I didn't have to look at a map to know that Sumatra is just across the Straits of Malacca from, well, Melaka. When my two sisters and I came to Malaysia in December 2004 (we were flying from Shanghai when the tsunami struck, which is a whole other story), we visited Kuala Lumpur, the island of Langkawi near the Thai border, and the historic city of George Town on the island of Penang. We didn't make it to Melaka, however, because it requires a bit of effort to get here. There are no scheduled flights - not even domestic - to the city's airport and the nearest train station is about 40 minutes away. So one has to arrive by land, which is easy enough with all of the luxury coach buses (much nicer than Greyhound, I must say) and well-maintained roads. Even so, one needs at least two days to do this city some level of justice. Aside from the fascinating history, the food in Melaka is world-renowned due largely to the fusion between Chinese and Malay cuisines that evolved over several hundred years. Throw in some European influences (mainly Portuguese) with a dash of South Indian (primarily Tamil Nadu) spices and you've got yourself an amazing food scene that begs to be explored. And I, of course, am just the man to do it.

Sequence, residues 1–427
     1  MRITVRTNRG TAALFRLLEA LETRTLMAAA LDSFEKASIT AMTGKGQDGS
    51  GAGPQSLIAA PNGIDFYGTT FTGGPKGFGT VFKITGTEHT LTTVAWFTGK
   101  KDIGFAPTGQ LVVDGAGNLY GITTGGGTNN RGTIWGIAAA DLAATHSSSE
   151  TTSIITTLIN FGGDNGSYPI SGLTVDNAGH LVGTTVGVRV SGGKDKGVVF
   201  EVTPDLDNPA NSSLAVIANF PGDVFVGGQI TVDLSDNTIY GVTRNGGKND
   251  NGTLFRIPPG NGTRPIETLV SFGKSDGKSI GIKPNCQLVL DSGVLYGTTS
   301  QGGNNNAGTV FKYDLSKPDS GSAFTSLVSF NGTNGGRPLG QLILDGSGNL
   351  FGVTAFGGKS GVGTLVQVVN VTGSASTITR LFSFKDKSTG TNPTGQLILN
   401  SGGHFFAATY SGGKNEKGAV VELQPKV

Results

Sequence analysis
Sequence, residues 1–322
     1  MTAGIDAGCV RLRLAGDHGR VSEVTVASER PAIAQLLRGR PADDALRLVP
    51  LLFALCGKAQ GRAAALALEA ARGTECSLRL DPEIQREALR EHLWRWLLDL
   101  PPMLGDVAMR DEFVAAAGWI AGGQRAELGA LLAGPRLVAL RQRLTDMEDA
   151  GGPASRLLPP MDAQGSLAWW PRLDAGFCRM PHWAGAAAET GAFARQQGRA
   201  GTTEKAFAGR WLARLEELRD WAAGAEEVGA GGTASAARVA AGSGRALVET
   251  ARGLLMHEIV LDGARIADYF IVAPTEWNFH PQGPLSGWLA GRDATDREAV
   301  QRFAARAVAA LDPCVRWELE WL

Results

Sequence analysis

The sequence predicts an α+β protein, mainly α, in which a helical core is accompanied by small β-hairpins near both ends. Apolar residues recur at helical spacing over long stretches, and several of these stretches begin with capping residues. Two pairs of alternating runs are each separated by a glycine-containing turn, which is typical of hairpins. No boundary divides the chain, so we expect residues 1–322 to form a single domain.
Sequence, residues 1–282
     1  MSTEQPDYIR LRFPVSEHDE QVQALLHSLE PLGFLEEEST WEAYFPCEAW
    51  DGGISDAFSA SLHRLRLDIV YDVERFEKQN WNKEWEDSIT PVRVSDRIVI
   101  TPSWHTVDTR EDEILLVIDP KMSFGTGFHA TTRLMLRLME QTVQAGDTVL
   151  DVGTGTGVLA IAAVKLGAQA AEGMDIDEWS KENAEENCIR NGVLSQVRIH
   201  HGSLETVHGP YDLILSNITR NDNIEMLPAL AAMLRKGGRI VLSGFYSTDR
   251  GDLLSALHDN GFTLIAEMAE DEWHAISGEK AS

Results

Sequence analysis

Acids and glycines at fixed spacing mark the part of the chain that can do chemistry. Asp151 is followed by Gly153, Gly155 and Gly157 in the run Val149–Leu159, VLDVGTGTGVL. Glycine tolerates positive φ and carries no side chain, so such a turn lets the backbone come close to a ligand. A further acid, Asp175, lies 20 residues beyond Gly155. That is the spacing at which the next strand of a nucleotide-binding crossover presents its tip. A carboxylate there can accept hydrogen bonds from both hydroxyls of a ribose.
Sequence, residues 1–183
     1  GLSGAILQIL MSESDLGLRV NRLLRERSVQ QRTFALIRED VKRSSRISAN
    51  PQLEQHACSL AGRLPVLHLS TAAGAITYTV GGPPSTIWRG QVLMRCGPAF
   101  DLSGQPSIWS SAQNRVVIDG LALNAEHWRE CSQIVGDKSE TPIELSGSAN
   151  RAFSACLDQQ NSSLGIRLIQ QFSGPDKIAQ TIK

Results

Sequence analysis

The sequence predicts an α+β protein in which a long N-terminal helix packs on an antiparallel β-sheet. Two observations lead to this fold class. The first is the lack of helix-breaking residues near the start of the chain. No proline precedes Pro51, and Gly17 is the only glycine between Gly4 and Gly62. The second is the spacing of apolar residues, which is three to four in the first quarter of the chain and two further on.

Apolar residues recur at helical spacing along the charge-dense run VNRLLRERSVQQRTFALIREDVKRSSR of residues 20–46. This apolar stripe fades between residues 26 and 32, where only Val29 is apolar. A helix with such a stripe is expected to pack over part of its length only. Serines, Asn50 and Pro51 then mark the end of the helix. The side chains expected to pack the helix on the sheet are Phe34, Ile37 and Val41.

So my long journey from Seattle started on Wednesday mid-afternoon with a Northwest flight from Sea-Tac to Tokyo Narita. Quite pleasant, actually, aside from the bland chicken breast that I got as part of my non-lactose meal...the only advantage is that special meals get served before the regular ones. The window seat next to my aisle one was empty, so I could spread out and not worry about getting into anyone's "bidness" (as my former boss Ward used to say). I watched four movies, a few of which I had been wanting to see. I found it ironic that the flight attendants passed out ice cream sandwiches halfway through the flight, given my attempt to be lactose-free on board. As I was not about to pass up the forbidden fruit, I popped two Lactaid pills and downed the whole thing...more like crunched through it.